Organizational Change Leadership Success Factors
Change management consulting experts know that organizational change represents an upheaval to the way things are currently done. Because employees are apt to see change through a lens that is more comfortable with business as usual, proposed changes can elicit resistance and even fear. In order to counter the fact that most large-scale change efforts do not achieve their objectives, you need a strong change leader at the head of a dedicated team who can present a convincing business case that change is needed. But a persuasive rationale for change is not enough.
Change Leadership Success Factors
Based upon data from our change management simulation, here are five factors that go far toward ensuring that your change leadership is sufficiently equipped to see the initiative through to a successful conclusion.
- Full Support from the C-Suite
Successful change requires unwavering and sustained support from the executive branch — support that not only includes frequent messaging but also sufficient resources and active involvement.
At a minimum, there should be a clear vision for change and an executive sponsor of the initiative that has the power and influence to see it through.
- Freedom to Engage a Significant Number of Key Stakeholders
Effective change leaders need the authority to actively include key stakeholders across the organization. Lasting organizational change will occur only when a healthy number of those most affected by change can meaningfully participate in the design and implementation of the change initiative and feel a sense of ownership in progress toward meaningful and compelling change goals.
At a minimum, people should feel like their opinions at work count.
- License to Design a Meaningful Incentive Program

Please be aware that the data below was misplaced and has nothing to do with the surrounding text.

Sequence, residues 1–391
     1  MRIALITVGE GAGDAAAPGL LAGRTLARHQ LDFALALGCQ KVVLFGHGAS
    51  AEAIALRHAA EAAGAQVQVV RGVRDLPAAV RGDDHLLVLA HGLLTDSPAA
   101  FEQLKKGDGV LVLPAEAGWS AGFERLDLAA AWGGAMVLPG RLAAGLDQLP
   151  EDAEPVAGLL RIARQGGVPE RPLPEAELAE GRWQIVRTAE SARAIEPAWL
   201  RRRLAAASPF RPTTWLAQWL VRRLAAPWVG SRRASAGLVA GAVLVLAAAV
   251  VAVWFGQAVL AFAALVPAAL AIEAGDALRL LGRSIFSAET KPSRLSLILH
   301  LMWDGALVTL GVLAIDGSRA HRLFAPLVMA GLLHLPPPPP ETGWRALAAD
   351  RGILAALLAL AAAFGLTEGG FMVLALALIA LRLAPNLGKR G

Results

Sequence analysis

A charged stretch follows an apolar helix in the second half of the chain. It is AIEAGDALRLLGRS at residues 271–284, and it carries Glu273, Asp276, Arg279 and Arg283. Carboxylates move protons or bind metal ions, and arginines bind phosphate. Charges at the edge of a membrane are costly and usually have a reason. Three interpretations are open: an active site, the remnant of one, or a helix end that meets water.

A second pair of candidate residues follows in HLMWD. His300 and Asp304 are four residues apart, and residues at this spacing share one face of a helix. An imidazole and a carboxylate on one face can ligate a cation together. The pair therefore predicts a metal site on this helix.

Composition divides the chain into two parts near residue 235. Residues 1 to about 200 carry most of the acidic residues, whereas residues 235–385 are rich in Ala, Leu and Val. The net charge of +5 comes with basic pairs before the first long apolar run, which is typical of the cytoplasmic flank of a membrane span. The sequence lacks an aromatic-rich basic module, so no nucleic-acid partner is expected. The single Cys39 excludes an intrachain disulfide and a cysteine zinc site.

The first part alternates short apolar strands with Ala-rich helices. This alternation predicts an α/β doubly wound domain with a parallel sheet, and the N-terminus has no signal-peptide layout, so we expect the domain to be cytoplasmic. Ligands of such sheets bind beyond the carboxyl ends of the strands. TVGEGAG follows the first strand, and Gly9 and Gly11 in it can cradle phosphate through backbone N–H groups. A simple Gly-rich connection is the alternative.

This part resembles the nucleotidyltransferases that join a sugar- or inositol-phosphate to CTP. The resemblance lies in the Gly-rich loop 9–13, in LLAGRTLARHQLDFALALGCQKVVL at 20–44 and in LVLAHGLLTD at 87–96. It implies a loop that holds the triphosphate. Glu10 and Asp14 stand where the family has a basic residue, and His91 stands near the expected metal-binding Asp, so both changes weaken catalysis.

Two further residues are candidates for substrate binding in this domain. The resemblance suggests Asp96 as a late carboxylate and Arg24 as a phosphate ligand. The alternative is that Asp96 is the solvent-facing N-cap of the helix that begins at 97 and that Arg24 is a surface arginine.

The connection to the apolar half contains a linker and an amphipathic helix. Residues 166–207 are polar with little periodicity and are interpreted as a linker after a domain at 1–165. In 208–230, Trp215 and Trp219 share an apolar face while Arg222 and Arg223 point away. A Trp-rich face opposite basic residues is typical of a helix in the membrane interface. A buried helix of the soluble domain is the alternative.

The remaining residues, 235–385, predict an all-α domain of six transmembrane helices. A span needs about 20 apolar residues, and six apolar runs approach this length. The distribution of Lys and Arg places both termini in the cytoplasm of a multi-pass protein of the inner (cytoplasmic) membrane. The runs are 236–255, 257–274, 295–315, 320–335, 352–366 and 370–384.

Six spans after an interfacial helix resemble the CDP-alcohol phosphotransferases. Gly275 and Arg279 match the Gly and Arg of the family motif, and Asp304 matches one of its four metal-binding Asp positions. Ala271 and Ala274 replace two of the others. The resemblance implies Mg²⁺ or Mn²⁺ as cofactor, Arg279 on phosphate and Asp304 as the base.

We know that meaningful incentives can prompt changes in behavior. Change leaders should have the power to put together an incentive program that will boost the transformation. The program can include both financial and nonfinancial rewards that make the most sense in your unique culture.
At a minimum, any strong misalignments between how people are promoted, measured, and rewarded need to be fixed if you want your change to stick.
- Process for Sustained Implementation
Once the change process has been launched, it’s critical that there be a regularly scheduled check-in procedure to see that targets are being achieved and that people have what they need to be successful. Change will need disciplined monitoring, accountability, dialogue, and support to stay on track.
At a minimum, there should be a clear and transparent plan for change with strong leadership and cultural reinforcement.
- Focus on Changing Workplace Mindsets
Make sure you pay adequate attention to the soft side of change — the hearts and minds that you must change and engage. Successful change is about more than skills and outcomes. Workplace change is emotional, not just intellectual.
If you don’t change mindsets, it’s extremely difficult for people to change on-the-job behavior and performance. To change workplace mindsets, leaders must have honest and connecting two-way conversations with their people.
At a minimum, leaders must connect the dots between the desired changes and what’s in it for those affected by change.
The Bottom Line
Organizational change leadership requires a special kind of expertise. Have you chosen your change leader with the above success factors in mind? If not, you risk becoming among the majority of organizations who know they need to change, but never reach their change objectives.
To learn more about change leadership success factors, download How to Mobilize, Design and Transform Your Change Initiative